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Strength training Modifications for Students With Disabilities

This is an excerpt from Functional Strength Training for Physical Education With HKPropel Access by Nate J. VanKouwenberg.

Students with special needs require strength for general health, performance in daily activities, and long-term durability, just like their peers. Unique daily challenges that many other students do not need to deal with can present additional needs for strength in order to combat the physical demands that come with certain disabilities. Unfortunately, students with significant needs often receive a modified PE curriculum that does not include strength training, because teachers do not know how to modify exercises or they are afraid of causing injury. In most situations, students can participate in some form of strength training safely, regardless of their situations.

Because there is a wide spectrum of cognitive and physical disabilities, concrete suggestions will not apply to all students. Modifications will depend on the unique, individualized needs of each student. Teachers will need to use their best judgment on a case-by-case basis to ensure that all students receive modified instruction that is safe and effective.

Regardless of the situation, teachers must prioritize safety. Always err on the side of caution, but this does not mean to avoid strength training altogether. In most cases, regressing skill selection to basic movements for each functional pattern and performance focus will allow students to participate safely and successfully.

For more significant special needs, teachers may need to alter activities beyond regressing skill selection. If a student has use of only one limb, for example, teachers can modify exercises to a unilateral skill. Examples include the following:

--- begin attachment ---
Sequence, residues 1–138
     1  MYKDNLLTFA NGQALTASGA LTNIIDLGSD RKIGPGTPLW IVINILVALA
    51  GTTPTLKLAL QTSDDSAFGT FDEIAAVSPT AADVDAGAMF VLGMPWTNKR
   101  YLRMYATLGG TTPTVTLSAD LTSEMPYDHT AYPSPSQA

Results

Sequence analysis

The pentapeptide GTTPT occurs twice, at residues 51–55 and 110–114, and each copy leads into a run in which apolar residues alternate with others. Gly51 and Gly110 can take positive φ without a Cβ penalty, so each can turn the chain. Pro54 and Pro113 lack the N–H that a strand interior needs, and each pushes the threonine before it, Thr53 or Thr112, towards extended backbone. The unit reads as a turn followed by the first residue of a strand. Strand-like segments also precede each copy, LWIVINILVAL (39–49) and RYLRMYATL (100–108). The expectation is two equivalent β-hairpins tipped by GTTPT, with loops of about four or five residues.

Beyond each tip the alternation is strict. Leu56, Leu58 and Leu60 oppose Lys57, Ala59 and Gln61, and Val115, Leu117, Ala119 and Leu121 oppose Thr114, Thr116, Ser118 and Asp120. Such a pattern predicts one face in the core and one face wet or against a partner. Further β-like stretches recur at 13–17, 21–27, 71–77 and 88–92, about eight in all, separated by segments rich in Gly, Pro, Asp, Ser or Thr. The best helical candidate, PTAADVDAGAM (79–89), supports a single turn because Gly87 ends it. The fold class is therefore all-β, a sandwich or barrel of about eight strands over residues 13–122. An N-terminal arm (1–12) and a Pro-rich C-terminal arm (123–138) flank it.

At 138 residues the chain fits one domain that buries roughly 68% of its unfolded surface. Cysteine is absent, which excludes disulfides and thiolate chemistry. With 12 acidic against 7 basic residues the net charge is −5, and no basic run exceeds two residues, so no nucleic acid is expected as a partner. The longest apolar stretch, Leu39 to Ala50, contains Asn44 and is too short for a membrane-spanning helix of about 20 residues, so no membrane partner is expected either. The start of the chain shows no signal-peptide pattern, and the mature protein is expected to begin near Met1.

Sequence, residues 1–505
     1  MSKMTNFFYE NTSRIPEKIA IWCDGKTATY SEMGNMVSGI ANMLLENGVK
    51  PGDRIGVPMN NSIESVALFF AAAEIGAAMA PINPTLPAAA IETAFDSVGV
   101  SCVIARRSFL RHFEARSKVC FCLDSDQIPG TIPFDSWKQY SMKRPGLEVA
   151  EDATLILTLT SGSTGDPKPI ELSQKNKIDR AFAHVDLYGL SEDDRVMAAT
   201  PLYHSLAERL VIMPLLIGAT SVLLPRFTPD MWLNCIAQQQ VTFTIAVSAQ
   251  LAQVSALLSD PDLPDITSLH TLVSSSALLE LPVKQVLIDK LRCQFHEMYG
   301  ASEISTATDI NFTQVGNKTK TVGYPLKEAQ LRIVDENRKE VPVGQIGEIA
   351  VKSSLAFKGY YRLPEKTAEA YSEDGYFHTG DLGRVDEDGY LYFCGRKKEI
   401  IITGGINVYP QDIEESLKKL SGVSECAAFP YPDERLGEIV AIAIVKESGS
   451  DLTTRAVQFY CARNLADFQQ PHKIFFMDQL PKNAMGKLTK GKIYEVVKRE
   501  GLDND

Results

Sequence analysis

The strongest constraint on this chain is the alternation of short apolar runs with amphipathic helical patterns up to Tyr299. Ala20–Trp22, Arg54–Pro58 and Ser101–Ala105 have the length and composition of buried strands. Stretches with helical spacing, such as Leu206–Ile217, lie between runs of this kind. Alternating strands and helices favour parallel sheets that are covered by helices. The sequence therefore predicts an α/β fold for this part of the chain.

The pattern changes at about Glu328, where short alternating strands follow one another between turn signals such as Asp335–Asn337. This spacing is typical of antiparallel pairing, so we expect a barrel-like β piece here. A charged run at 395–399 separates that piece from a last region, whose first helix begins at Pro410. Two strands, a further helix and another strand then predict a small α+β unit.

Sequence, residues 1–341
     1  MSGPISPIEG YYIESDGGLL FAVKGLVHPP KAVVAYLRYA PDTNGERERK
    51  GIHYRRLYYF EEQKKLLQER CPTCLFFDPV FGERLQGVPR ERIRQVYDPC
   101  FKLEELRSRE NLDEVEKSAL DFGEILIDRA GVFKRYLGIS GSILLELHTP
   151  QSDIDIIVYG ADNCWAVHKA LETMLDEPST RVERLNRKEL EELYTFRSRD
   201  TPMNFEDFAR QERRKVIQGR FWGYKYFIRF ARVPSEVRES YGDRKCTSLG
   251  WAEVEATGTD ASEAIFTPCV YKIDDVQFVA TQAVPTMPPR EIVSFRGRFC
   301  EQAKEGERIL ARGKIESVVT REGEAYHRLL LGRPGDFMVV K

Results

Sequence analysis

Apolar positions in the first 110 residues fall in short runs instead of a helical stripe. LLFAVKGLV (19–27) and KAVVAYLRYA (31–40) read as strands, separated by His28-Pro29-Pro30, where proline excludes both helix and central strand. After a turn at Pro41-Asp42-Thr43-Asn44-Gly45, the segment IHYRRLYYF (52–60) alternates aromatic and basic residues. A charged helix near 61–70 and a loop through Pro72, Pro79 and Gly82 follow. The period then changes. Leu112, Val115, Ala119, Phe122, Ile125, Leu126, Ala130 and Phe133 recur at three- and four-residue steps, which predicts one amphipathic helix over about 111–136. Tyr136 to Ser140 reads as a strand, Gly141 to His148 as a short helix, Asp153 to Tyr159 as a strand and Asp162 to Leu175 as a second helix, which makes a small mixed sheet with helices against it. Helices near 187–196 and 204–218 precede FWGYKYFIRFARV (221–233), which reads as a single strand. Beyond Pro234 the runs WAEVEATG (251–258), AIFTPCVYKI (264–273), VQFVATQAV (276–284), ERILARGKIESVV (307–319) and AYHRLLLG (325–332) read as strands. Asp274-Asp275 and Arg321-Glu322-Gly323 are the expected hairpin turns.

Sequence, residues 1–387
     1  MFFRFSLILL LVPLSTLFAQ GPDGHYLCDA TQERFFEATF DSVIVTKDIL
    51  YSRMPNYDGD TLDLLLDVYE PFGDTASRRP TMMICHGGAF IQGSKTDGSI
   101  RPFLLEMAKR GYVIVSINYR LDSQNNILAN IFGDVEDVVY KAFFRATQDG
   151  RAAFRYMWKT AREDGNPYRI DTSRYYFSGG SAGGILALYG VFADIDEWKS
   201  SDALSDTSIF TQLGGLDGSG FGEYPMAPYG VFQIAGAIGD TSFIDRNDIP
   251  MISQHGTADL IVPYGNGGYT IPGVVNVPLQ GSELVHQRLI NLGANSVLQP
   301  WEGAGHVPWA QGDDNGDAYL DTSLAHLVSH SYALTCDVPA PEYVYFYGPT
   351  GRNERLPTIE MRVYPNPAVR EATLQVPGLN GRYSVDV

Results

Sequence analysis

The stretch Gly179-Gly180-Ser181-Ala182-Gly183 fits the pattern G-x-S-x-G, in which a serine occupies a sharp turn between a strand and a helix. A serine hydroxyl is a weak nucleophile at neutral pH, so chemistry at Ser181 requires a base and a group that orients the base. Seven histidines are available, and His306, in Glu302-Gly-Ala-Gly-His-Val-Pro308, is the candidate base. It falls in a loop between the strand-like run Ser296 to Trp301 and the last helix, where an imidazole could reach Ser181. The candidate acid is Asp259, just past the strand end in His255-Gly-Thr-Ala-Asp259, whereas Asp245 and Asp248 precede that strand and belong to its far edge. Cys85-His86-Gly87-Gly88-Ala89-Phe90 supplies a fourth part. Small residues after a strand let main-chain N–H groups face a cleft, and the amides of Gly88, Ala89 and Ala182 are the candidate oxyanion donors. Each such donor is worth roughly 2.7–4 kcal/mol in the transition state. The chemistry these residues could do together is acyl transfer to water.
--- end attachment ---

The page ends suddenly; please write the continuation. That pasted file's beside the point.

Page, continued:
• Front squat → one-leg squat to box
  • Bench press → one-dumbbell bench press
  • Chin-up → half-kneeling one-arm cable pull-down

Selectorized machines can also be great tools that allow students with significant special needs to strength train safely, because the machine guides the user through the movement and there is very little risk of injury. Machines also allow teachers or aides to offer additional physical assistance if needed. Although I preach that we need to send most selectorized machines to the junkyard, I do recommend that districts keep a few machines for special populations. To maximize benefits and limit the space needed, I suggest prioritizing one upper body pull machine (horizontal row or vertical pull-down), one upper body push machine (horizontal push or vertical press), and a leg press machine. Some companies also offer multiuse cable systems that are fairly compact.

Regardless of the modifications required, the goal is to have all students safely participate in some form of strength training regularly to experience benefits that can drastically improve their quality of life.

More Excerpts From Functional Strength Training for Physical Education With HKPropel Access